I have a very big sweet tooth, but I’m also an unexperienced baker, so I love easy recipes for two reasons. Easy recipes mean almost a 100% success and they’re usually also quick, which means not much time is spent between tidying up the kitchen and enjoying the freshly baked cookies. Ok, I often have a bite or two while cleaning up the mess from baking.
Recently, I tried chocolate chip cookies my sister made based on recipe in one of her American baking books and they were really great and buttery just melting in my mouth. The recipe seemed easy, so I gave it a try when I got back home. Well, the first time they didn’t turn out as they should, but they were tasty anyway. I blamed my lack of experience with the new oven, but more importantly, I didn’t follow the recipe carefully, which was probably the main reason for failing. Now, after several batches of (successfully) baked cookies I felt confident to make a few changes to the recipe – I used less sugar and substituted chocolate chips with either mint chocolate or white chocolate and coconut flour.
125 g chocolate chips (originally it was 350 g)
I added two eggs to this mix, although the original recipe called for 1 egg and 1 yolk, but I didn’t know what to do with the left over egg white, so I just mixed it all in.
If you see chunks of butter in the mix, this will affect the cookies, unless you mix it really well, but that will take time. Some of the cookies will have too much or too little butter, and they will bake differently and won’t look as nice as they should (I ate them anyway).
In a separate bowl, I mixed the flour, baking soda, vanilla sugar and the chocolate chip cookies. If I don’t have chocolate chips at hand, I just chop a chocolate bar to smaller pieces. It takes more time, but the result is the same. Make sure to mix the powdered ingredients well.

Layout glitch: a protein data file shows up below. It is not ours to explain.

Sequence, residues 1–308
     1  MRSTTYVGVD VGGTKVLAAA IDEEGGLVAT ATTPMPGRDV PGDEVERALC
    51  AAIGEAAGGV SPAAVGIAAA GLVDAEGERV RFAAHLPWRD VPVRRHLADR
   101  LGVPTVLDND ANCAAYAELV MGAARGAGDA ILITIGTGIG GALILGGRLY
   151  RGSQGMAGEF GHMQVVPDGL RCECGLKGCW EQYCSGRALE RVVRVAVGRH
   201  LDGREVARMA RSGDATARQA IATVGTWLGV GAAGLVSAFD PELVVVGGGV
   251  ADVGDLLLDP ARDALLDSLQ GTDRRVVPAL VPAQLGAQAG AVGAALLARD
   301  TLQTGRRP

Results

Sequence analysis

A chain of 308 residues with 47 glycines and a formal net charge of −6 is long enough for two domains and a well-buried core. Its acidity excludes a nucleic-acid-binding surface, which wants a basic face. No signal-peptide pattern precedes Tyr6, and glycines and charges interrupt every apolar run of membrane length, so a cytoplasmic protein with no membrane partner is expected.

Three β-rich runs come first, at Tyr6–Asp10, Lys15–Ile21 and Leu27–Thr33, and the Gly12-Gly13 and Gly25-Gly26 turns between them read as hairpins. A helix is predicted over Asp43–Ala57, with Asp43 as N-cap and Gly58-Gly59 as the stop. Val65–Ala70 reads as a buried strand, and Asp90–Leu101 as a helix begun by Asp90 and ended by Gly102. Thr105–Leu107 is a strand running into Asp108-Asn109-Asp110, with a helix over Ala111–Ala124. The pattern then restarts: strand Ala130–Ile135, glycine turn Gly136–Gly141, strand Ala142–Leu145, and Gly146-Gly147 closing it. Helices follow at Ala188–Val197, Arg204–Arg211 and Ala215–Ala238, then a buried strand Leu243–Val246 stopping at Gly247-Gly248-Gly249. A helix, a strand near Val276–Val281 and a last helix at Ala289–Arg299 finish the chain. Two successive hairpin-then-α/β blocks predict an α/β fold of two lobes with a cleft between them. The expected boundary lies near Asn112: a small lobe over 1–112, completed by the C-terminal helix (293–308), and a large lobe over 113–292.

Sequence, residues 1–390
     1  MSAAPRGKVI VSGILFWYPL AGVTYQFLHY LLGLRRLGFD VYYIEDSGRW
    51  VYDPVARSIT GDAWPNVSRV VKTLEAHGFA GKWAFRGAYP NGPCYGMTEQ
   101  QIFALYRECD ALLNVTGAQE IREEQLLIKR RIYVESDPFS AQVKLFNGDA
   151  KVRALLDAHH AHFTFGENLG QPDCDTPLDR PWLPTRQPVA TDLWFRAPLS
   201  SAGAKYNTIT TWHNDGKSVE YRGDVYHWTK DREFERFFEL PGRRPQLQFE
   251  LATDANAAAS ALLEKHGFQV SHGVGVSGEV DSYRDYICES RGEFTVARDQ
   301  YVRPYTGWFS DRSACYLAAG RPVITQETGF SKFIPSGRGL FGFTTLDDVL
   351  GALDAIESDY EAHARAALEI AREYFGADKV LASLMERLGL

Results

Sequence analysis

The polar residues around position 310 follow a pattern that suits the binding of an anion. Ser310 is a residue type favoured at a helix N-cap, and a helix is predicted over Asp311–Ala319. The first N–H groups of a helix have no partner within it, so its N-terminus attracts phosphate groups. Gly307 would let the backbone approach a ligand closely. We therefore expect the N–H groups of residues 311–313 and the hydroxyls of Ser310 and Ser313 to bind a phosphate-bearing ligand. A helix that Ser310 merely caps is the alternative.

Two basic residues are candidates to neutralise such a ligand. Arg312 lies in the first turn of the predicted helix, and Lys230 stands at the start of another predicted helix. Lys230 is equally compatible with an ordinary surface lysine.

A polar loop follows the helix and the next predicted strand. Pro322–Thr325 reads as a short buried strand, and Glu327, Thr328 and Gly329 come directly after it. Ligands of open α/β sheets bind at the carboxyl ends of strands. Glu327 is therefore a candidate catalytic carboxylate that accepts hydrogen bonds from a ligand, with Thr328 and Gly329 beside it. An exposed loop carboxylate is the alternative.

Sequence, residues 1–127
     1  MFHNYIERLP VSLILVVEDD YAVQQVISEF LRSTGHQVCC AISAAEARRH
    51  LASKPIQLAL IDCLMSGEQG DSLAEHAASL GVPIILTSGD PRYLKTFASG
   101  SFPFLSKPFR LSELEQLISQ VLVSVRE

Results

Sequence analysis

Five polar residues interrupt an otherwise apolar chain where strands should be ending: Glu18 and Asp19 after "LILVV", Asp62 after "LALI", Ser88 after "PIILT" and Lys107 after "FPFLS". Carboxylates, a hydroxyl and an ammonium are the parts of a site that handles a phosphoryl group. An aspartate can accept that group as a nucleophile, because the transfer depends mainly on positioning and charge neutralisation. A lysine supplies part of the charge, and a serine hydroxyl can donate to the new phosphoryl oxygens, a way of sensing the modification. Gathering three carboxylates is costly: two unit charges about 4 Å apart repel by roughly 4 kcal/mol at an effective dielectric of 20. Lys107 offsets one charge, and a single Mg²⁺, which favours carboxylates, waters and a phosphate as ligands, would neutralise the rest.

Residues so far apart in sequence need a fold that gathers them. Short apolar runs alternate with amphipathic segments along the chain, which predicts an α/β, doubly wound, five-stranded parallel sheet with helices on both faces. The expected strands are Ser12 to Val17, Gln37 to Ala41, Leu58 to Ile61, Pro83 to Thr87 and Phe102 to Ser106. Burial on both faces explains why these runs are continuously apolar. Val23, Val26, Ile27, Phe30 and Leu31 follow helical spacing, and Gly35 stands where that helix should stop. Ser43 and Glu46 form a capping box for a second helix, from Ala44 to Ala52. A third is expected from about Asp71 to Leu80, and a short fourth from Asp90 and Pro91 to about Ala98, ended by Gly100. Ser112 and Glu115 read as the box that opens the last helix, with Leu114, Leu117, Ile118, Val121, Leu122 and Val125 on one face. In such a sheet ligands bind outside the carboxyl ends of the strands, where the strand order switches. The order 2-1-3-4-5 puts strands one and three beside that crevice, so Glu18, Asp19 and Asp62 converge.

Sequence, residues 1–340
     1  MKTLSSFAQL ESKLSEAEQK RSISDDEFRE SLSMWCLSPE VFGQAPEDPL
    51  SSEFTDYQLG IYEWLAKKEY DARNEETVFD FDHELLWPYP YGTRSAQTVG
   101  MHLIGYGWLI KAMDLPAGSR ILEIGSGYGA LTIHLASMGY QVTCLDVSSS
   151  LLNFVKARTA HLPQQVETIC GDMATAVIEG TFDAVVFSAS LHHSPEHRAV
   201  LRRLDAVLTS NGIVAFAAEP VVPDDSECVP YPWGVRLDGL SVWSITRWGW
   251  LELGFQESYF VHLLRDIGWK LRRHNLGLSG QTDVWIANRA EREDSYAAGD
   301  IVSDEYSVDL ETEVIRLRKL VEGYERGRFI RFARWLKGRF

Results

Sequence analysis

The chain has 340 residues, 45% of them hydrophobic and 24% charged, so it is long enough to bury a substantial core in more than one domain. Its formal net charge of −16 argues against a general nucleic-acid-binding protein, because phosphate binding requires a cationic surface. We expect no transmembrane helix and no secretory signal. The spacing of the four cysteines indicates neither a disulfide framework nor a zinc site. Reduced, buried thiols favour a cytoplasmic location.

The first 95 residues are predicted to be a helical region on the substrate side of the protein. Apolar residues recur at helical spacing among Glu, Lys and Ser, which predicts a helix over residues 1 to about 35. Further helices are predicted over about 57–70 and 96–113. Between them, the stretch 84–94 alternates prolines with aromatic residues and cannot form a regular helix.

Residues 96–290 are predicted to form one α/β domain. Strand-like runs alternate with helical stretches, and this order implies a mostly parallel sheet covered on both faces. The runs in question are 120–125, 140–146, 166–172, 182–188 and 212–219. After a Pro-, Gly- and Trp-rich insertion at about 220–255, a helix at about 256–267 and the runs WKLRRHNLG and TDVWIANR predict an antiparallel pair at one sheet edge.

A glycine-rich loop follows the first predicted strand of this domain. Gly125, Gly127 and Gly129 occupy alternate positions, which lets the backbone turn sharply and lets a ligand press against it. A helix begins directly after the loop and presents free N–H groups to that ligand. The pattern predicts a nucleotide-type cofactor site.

The powdered ingredients should be added to the butter/sugar/egg mix by spoon while mixing it. I’m not that slow, and I add the powdered ingredients in 3 or 4 steps. If you want to add it all at once, I strongly advise against it, as the flour will be all over the place when mixing (at least in my case this happened).
The dough is rather soft, but it’s not easy to mix it with the mixer (at least my mixer is at its limit when mixing this dough). At this point the dough needs to be cooled for at least an hour (it can be left in the fridge for up to 24 hours – but who wants to wait this long for the cookies).
I wrap the dough in a transparent foil and leave it for in the fridge for an hour to chill. If I’m making more than one batch, I prepare it while cooling the first batch. Otherwise, I use this free hour to clean up the counter and do the dishes, and if I’m quick enough, make myself a cup of tea (everytime I baked them, I did it in the late evening).
The chilled dough is more stiff, and you have to use some muscle to get small chunks off the main mass to make small balls of dough. If leaving the dough for too short, the dough will be too sticky to make the balls, so it’s best to leave it in the fridge for at least one hour.
I always line the baking tray with baking paper. The balls should be apart enough, so that they don’t stick together while baking.
I bake them at 180°C for approximately 10 minutes. I wasn’t sure how long to leave them in the oven the first time I made them, and I overbaked them. Later, I got a usefull advice – the cookies are baked when the edge of the cookies gets brown.
In my opinion, these cookies need to cool down before eating them, but they’re almost as tasty when still warm. After a day or two, the cookies are more firm than when straight from the oven. However, in both cases they taste great and really melt in my mouth.
Alternatively, chocolate chips can be substituted with mint chocolates. I’m using mint chocolate sticks, which are easily chopped to smaller bites.
If you like the mint flavour as I do, you should try this. The cookies don’t differ much from the classic chocolate chip cookies, but the mints make them slightly different, and whoever tried this mint version, was positively surprised.